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introduction | 19th century hoodoo | 20th century hoodoo | 21st century hoodoo



In this installment of "Where the Southern Cross the Yellow Dog," we take a sneak-peek look at an upcoming page that will eventually be on display to the public. As a Patreon supporter, you have access to the page one full year before the public does.

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From the Southern Workman and Hampton School Record

Vol. 24 July 1895

(Collected in 1878)

The "Southern Workman" and "Hampton School Record" were two periodicals established after Emancipation for a readership of literate African-American students at the Hampton Normal School. For further history of Hampton, see Conjure Doctoring And The Walking Boy where an introductory note on the school helps to place this article in historical perspective. Explanatory material appears [in brackets].

Folk-Lore and Ethnology
        Conjuring and Conjure Doctors
        in the Southern United States
        by Leonora Herron

[Here we have one of the oldest descriptions of rootdoctoring and root doxtors collected by African-Americans and published for, an African-American audience. As is explained, althouth the publication date here is 1895, the collection of the material and its first publication took place in 1878. In this short article, despite its condescension toward "supuerstition" and "ignorance," we see, in brief outline form, a sort of field guide to conjure doctors: who they are, how they get their powers, the scope of their work, and how to idenify them.

In what follows, i have broken long paragraphs into shorter ones, re-ordered a few sentences without deleting any text, and added sub-headings to organize the material for easier review.]

The following paper read at the April [1895] meeting of the Hampton Folk-Lore Society, was compiled from a series of essays on Conjure-Doctors written in 1878 by students at Hampton, some of which were then published in the Southern Workman.

African Origins and European Admixtures

The Negro's belief in conjuration and magic is very probably a relic of African days, through strange and incongruous growths rising from association with the white race, added to and distorted it from time to time, till it became a curious conglomerate of fetichism (sic.), divination, quackery, incantation, and demonology.

Why Conjure Doctors are Needed

Overt and natural means of obtaining justice being forbidden the Negro, was it surprising that, brought up in ignorance, and trained in superstition, he should invoke secret and supernatural powers to redress his wrongs and afford him vengeance on those of his fellows whom envy, jealousy, or anger prompted him to injure?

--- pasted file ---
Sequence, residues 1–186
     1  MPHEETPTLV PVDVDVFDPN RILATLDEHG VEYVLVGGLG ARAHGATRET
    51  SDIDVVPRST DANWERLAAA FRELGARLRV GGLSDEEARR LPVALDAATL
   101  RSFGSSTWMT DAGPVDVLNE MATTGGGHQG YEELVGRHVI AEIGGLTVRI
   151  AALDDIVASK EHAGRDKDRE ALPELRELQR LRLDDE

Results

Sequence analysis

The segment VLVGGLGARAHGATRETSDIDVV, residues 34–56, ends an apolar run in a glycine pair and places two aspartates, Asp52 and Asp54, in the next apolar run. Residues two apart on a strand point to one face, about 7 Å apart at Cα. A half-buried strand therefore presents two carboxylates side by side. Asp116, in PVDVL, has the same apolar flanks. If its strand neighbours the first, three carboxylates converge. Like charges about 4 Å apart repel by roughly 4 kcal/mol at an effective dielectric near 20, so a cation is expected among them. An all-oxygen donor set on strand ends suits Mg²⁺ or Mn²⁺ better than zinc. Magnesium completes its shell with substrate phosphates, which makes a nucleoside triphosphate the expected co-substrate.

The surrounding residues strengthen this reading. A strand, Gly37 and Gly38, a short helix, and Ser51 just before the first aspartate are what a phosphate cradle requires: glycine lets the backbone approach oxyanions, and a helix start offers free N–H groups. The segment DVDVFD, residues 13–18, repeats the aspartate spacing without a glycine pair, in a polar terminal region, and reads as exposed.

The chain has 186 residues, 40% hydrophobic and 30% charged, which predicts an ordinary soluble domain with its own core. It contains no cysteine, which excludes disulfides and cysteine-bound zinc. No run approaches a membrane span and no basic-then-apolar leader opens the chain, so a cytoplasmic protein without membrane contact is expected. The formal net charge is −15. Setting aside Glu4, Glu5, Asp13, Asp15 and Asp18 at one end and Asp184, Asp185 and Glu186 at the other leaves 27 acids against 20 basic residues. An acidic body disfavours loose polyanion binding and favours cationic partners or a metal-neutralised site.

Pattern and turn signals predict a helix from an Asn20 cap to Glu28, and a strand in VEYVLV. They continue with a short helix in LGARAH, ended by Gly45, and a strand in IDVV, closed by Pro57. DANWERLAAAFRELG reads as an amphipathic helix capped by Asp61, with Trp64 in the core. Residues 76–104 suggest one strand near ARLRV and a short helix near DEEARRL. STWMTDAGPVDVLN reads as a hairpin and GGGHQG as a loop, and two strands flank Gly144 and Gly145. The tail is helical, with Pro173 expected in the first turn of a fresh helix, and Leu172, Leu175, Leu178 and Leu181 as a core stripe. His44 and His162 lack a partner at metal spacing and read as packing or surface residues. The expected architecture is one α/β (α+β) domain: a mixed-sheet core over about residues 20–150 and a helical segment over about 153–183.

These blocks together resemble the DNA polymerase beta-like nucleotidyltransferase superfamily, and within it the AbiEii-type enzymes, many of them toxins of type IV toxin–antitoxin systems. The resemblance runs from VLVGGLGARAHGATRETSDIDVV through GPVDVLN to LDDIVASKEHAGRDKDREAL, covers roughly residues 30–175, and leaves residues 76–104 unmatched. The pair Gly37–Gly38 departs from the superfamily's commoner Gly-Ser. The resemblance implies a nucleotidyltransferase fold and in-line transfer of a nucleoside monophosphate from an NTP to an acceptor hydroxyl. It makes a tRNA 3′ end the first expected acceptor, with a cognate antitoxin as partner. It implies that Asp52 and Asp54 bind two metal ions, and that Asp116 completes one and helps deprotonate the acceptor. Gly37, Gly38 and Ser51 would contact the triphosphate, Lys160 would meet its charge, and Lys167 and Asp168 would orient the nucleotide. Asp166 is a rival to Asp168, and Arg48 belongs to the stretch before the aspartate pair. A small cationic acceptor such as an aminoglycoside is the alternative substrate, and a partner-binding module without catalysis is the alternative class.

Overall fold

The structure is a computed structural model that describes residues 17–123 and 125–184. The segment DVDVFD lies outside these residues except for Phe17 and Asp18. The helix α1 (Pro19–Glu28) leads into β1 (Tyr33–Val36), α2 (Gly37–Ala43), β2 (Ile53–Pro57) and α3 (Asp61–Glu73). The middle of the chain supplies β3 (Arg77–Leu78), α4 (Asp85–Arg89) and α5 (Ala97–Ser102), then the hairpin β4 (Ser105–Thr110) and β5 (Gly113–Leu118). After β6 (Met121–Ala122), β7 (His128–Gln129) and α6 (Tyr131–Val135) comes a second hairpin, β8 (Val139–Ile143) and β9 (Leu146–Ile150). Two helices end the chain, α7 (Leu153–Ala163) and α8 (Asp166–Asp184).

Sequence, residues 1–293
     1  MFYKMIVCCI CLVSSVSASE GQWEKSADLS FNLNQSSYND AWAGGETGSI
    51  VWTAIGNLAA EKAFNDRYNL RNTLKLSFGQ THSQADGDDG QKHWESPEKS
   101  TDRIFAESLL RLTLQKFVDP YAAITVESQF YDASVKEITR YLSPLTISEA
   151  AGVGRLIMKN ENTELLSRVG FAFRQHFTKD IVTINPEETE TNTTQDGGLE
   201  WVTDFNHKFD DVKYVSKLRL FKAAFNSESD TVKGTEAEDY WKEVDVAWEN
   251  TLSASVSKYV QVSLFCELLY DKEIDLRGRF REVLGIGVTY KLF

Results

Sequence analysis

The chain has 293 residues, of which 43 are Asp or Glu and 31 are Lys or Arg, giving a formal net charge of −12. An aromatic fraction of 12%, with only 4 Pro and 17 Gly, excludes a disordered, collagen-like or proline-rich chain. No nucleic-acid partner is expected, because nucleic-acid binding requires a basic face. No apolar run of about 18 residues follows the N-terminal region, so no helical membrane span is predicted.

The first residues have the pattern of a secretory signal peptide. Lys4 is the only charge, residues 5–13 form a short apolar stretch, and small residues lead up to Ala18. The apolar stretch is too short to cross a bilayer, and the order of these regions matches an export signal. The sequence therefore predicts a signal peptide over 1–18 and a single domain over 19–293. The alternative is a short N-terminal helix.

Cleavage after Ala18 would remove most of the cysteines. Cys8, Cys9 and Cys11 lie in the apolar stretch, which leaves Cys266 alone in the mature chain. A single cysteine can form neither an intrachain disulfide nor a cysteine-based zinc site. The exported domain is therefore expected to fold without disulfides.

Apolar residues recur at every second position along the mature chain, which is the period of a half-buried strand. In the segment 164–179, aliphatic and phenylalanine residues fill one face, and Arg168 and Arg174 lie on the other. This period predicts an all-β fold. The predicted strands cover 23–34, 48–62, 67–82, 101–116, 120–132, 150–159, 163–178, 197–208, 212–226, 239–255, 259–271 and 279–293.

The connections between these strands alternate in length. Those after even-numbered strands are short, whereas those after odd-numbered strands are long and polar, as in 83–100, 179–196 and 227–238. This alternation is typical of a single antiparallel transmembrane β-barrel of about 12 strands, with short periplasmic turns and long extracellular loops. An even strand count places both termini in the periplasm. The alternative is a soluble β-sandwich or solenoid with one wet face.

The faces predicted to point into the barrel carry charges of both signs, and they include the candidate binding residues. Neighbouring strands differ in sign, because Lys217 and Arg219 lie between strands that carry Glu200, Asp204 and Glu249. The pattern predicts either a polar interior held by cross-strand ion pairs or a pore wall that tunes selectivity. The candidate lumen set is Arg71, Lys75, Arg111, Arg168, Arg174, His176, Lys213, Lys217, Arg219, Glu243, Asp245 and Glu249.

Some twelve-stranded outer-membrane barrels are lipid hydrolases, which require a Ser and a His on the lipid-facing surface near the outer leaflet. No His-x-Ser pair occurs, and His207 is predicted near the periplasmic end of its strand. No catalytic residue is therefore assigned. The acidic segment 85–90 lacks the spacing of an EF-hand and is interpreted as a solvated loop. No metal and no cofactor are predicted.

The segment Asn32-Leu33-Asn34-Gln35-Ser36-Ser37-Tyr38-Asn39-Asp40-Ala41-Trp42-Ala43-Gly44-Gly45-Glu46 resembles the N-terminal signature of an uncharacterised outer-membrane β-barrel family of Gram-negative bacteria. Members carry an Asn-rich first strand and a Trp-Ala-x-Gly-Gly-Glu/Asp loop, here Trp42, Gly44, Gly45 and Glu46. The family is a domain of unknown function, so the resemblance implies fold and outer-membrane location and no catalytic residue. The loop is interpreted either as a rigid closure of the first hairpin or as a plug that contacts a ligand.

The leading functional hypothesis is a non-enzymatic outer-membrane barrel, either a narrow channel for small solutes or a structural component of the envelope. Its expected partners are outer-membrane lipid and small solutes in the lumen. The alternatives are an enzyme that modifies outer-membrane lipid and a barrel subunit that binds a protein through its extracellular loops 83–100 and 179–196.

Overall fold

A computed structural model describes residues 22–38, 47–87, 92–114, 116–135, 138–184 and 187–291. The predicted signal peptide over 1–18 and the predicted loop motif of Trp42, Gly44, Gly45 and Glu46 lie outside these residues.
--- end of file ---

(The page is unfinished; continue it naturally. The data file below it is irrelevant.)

The agent of this vengeance was usually the Conjure Doctor.

The Sources of Conjure Knowledge

The source of these powers is but ill defined.

The Devil

One authority says: "I have always heard that those doctors sold themselves to the Devil before they were given this power."


Another, in speaking of a certain old woman who was a conjure doctor says: "She said she had a special revelation from God, as do all the conjure doctors I have ever heard of."

A Seventh Son with Seven Cauls

One rather noted conjure doctor described by several of our writers, claimed his power in virtue of being the "seventh son of a seventh son," and having been "born with seven cauls over his face."

A Teacher

It is said by some, however, that women who conjure sometimes give instruction in the art, and that if a conjure doctor is asked where he got his teaching, he will tell you of some old person who has been dead for years as having been his teacher.

[In 1878 in the state of Virginia there was no mention of a path to conjuring through initiation. This accords with my experience 100 years later; the concept of hoodoo initiations appears only in accounts that draw upon or derive from Haitian or Cuban sources.]

The Doctor's Repertoire: Conjuring and Curing

The conjure doctor's business was of two kinds; to conjure, or "trick," a person, and to cure persons already "conjured." Powers of all kinds are attributed to these doctors.


They were appealed to upon the least pretext to exert their powers in the former way. Jealousy or envy of a more fortunate neighbor or associate was a frequent cause for appealing to the conjure doctor, who would be requested to "trick" the object of the ill feeling. A quarrel between the two neighbors, even over the merest trifle would result in a visit to the conjure doctor and the subsequent illness, or death perhaps, of one of the parties.